HomeSportsCelebrity boxing is satire with a surprise ending.

Celebrity boxing is satire with a surprise ending.

The combatants circle each other in a hesitant, slightly frightened manner, pawing at the air, loosening their limbs, and sensing the spring and thump of the canvas beneath their feet. It takes them around 15 seconds to become bored and begin to fight.

KSI throws a straight right that eerily resembles a man falling into a bus. FaZe Temperrr answers with a check hook that resembles a person attempting to pick up a cat with one hand. In around a minute, they begin trading, but this description again seems insufficient.

What occurs is that KSI runs at Temperrr swinging his arms frantically, and Temperrr responds by flailing his arms wildly as well – you know, the way any of us would in a comparable scenario – until they become entangled like two abandoned Christmas trees on a Sidcup sidewalk.

Celebrity boxing is satire with a surprise ending.

After some minutes, KSI begins to establish his range, better time his rushes, avoid Temperrr’s long levers and utilize his greater speed in lightning-fast bursts. With less than a minute remaining in the first round, he moves in and delivers a strong right-left combo that penetrates Temperrr’s theoretical defenses and lands flush to the face. As Temperrr’s legs buckle beneath him, approximately 12,000 Wembley Arena spectators cheer and rise to their feet as though this is all real.

And, you know, that may be true. Perhaps the most stunning part of influencer boxing – a relatively new phenomenon in which social media stars slug it out for two minutes in front of quite astounding audience figures – is its eagerness to disguise itself as a “real sport.” There are actual commentators providing commentary on boxing. After his triumph, KSI receives a belt for a completely fictitious championship.

Celebrity boxing is satire with a surprise ending

On social media, followers analyze the battle in minute detail and evaluate KSI’s prospective future opponents. Joe Fournier appears to be an option. Salt Papi has challenged him to a fight. Everyone desires Jake Paul, but no one anticipates it happening for some time.

If you are unfamiliar with the inhabitants of this particular parallel universe, your eyes may have begun to glaze over well before this point. And perhaps the natural response here is to simply tune out, perhaps with a tiny head shake, a silent elegy, and a brusque aside about today’s youth.

Even within the sport, the emergence of the influencers has sparked heated debate, pearl-clutching, and fist-waving, along with images of a dystopian future in which boxing has been completely absorbed by a frivolous celebrity sideshow. In just a few years, influencers have distorted the sport’s economy to the point where KSI and Paul have already earned more in a few fights than, say, Josh Taylor will make in his whole lifetime.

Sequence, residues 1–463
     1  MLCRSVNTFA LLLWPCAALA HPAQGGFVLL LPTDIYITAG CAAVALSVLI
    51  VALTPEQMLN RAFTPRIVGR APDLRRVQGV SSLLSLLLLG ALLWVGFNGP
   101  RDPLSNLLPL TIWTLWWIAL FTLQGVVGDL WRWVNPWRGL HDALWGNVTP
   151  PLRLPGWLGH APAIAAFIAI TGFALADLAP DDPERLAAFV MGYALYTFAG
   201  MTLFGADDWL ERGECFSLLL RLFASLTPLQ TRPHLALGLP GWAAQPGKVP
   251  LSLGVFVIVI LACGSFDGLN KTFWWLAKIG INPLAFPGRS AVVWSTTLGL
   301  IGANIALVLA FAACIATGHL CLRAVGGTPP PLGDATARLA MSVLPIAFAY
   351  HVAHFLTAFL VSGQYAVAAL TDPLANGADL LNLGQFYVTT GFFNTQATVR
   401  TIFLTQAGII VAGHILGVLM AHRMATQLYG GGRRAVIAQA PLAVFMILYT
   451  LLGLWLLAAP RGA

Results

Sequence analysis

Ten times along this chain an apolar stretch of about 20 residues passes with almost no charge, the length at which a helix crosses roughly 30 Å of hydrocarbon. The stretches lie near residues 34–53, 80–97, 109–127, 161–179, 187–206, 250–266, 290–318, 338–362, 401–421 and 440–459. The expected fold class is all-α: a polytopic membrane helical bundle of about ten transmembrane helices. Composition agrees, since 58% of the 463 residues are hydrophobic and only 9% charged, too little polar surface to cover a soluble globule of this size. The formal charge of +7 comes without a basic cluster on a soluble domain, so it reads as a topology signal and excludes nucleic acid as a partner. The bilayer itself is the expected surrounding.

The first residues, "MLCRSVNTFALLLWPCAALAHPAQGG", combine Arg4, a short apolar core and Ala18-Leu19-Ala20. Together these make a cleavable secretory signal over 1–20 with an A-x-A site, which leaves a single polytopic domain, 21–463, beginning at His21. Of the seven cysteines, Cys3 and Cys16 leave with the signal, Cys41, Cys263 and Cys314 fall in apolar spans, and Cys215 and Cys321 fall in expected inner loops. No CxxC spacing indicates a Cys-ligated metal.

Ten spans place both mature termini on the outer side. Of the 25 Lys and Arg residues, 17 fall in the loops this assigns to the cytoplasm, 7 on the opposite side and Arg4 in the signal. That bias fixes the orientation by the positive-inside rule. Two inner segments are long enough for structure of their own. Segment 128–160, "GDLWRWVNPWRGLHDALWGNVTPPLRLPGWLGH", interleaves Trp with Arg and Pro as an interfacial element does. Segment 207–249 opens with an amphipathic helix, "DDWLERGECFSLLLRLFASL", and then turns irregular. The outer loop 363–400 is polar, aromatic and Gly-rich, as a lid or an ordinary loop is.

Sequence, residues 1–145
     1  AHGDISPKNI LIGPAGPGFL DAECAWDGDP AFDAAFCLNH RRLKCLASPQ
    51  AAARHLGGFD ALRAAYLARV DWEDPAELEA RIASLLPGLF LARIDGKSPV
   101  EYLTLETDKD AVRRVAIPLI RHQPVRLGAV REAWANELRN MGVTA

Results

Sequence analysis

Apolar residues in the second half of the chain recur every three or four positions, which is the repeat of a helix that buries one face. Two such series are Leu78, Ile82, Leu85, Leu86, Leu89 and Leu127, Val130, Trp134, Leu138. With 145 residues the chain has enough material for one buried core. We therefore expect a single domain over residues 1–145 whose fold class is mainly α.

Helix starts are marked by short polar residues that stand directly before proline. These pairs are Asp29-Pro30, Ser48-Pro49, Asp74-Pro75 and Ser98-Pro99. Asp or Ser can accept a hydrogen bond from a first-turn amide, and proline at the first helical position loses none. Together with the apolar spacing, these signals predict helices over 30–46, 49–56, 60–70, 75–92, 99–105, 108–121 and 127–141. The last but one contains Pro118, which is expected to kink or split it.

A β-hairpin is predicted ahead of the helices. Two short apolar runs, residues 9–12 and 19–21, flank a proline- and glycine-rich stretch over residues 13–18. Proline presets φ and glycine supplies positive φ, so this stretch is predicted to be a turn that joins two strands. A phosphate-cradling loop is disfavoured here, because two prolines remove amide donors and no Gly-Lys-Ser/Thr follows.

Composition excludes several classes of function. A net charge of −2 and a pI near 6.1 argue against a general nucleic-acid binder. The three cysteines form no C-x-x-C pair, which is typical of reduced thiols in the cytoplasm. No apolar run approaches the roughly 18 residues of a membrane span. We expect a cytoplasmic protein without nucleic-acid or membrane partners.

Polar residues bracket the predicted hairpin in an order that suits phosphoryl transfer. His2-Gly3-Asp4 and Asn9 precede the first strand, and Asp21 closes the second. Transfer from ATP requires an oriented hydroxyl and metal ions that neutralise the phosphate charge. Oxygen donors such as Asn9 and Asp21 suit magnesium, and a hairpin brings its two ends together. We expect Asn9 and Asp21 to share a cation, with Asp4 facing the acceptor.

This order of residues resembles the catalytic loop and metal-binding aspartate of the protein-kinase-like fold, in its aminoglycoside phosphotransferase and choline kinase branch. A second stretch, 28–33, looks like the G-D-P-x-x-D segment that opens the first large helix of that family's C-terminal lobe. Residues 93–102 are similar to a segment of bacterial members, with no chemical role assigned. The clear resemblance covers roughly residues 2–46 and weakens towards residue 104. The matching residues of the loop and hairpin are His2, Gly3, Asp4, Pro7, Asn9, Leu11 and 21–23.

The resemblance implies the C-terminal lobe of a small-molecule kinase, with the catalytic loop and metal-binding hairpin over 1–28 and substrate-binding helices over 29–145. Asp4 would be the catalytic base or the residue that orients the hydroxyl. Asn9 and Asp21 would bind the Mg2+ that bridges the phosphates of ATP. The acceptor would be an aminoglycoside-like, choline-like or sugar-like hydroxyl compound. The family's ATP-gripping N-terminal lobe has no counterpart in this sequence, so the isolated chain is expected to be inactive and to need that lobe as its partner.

For me, the most intriguing aspect of this is why hundreds of thousands of people are so invested in a product that is mediocre by every objective athletic criterion. And they are truly invested.

YouTube boxing bubble

Last weekend’s bout between KSI and Faze Temperrr drew 300,000 pay-per-view purchases on Dazn, according to some sources. However, as with any large number in boxing, these figures should be treated with a grain of salt. A fight between KSI and Paul would likely shatter all previous records.

According to all accounts, the audience for celebrity boxing is much different from the audience for traditional boxing. In general, they are younger, follow stars rather than the sport itself. And pay little heed to The Ring dynasties or George Plimpton’s literature.

They are probably not going to be at York Hall on Friday evening. Once the YouTube boxing bubble begins to deflate. As virtually every internet trend inevitably does, the influencers will most likely take their following with them.

The second point to make is that there is some irony in the accusations of vulgarity and avarice, of low-quality fights and content for content’s sake, considering that these characteristics have seemingly been sewn into the fabric of boxing for decades.

Muhammad Ali’s unsuccessful 1970s wrestling career

The great conflicts are so infrequently fought, no one truly means what they say, self-interest reigns supreme. And the quality of the product rarely matches the promotional language. In addition, PR stunts and crossover experiments are hardly novel. Remember Muhammad Ali’s unsuccessful 1970s wrestling career?

The grotesquely intriguing emergence of the influencers must be viewed in this context. In a sense, influencer boxing is a form of sporting cosplay: virtually a spoof on boxing itself, arch and knowing and irony-drenched, amplifying its existing traits for effect. They resemble boxers and have the gait and demeanor of boxers.

They engage in trash talk and taunt one another like boxers. The product appears superficially similar to boxing. By the time you comprehend the punchline – they fight like drunks at The Grapes at 1 a.m. You are already in on the joke.

And by any standard, this is indeed an excellent joke. Making a parody of boxing that is so effective and accurate that it has proven more popular than the actual thing. Perhaps it is not a surprise that many YouTube boxers began their careers by filming and posting online pranks. The objective of boxing is to determine why it was so ripe for parody.

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